The father of a British man being interrogated by Bangladeshi police in relation to the Dhaka attack has said that his son might have been acting under threat. Abul Hasanat Reza Karim, a British civil engineer, was among the hostages to be released from the café siege on 1 July but has since been in custody for three days.
Police picked up the man after his driving license was allegedly found in the pocket of one of the gunmen who was killed during the attack. Karim has also been filmed talking with the Dhaka terrorists on the restaurant's terrace and inside the building during the siege.
His father, Rezaul Karim, told bdnews24: "The terrorists killed many there with arms. Hasanat saw what they can do. Several videos of Hasanat have been uploaded. He might have been forced to do those things with a gun pulled on him."
Rezaul Karim urged the police to release his son while they carry out a full investigation, adding that they should seize his passport if necessary. He also demanded that hostages who had survived the siege should be questioned to determine his son's role during the attack.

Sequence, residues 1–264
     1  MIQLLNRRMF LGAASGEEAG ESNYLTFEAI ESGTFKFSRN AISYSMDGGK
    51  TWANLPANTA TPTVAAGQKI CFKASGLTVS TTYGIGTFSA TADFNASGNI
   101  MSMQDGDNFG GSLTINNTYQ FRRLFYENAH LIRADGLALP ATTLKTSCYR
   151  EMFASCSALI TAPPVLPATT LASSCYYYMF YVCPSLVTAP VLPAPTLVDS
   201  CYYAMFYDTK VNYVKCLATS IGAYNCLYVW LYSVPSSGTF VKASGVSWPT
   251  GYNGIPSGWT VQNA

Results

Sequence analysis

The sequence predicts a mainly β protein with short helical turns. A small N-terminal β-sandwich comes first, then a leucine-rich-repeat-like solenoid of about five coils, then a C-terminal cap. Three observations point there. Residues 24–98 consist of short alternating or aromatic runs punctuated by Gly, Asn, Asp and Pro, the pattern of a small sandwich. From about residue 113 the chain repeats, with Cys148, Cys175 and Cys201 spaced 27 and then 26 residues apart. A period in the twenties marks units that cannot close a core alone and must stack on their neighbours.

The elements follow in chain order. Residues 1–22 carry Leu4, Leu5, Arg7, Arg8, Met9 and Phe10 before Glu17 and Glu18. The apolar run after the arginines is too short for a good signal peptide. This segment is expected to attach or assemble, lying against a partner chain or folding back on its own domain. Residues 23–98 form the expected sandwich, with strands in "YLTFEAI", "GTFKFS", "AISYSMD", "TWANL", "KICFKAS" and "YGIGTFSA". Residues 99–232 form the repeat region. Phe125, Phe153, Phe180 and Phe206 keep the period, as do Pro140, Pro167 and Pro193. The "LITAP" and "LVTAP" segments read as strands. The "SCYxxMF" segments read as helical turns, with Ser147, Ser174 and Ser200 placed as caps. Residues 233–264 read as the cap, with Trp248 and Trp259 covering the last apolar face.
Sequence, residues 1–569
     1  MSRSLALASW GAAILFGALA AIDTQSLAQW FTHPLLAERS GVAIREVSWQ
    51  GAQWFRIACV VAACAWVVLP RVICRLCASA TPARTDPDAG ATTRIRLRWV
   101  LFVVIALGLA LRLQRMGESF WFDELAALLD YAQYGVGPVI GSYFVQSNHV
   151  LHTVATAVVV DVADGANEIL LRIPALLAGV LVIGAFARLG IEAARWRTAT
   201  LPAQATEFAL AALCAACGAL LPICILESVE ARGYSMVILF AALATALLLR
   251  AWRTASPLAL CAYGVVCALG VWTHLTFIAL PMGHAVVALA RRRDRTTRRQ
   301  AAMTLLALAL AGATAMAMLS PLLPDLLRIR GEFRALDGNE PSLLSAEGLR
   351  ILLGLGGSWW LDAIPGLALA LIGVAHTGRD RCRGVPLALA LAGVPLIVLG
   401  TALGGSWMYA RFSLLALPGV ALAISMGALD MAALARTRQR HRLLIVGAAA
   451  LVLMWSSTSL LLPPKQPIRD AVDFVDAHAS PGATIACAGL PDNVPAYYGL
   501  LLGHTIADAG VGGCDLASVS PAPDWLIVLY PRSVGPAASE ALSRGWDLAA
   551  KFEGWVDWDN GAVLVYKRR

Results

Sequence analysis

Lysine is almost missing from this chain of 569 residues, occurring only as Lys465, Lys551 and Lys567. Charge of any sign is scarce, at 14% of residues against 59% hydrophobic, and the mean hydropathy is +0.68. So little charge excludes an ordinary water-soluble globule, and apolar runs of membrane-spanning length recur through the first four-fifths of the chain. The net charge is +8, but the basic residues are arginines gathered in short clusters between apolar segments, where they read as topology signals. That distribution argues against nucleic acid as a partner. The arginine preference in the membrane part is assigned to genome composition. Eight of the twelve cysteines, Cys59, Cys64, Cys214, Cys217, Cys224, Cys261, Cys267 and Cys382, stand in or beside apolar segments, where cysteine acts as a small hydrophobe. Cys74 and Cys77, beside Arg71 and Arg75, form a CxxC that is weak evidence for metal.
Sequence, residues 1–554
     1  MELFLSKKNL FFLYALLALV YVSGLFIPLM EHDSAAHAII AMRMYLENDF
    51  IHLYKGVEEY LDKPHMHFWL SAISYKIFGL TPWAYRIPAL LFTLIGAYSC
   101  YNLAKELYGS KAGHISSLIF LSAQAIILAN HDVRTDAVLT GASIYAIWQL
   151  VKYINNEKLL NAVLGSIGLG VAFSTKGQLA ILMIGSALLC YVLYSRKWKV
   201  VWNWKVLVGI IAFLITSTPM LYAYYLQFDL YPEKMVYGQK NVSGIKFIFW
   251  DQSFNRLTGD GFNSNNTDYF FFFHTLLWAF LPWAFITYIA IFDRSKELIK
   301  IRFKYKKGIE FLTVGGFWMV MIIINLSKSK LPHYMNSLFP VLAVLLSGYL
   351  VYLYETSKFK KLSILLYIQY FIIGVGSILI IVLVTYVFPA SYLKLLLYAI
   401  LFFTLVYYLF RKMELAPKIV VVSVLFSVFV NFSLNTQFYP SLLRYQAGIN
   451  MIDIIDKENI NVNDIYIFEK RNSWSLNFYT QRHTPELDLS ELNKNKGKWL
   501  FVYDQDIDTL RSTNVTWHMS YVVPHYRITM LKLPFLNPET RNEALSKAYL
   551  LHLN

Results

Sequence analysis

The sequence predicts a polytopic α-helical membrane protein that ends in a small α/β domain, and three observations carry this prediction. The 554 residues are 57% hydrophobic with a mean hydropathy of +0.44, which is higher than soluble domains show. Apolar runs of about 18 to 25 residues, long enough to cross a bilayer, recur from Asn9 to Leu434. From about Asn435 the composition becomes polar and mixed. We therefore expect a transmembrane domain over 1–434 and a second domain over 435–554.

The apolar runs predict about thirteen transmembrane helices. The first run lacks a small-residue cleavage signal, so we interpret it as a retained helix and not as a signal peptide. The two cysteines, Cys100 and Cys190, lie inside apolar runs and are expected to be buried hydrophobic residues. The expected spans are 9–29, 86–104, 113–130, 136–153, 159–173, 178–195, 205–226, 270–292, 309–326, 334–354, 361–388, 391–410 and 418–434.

Reza Karim was born in Bangladesh but moved to Britain as a teenager. He graduated from Queen Mary University of London in June 1989 but has since moved back to Bangladesh. It remains unclear whether he is being treated as a terrorist suspect.
His father Rezaul Karim has denied media reports that his son had been fired from North South University for links to banned militant group Hizb-ut Tahrir. He said that his son was not radical and was working for him as a director at his construction firm Basic Engineering Limited.
Isis claim responsibility but may not have been involved
Rezaul Karim said: "Hasanat is not orthodox. He did not pray or fast regularly. He only joined Juma prayers. I don't know whether he is involved with any banned organisation at the North South University."
The Islamic State (Isis) terrorist group claimed responsibility for the attack that killed 20 people at the Holy Artisan café on 1 July. However, authorities have dismisses the link to Isis and insisted that Jamaeytul Mujahdeen Bangladesh (JMB), a local banned militant group, was behind the terrorist attack.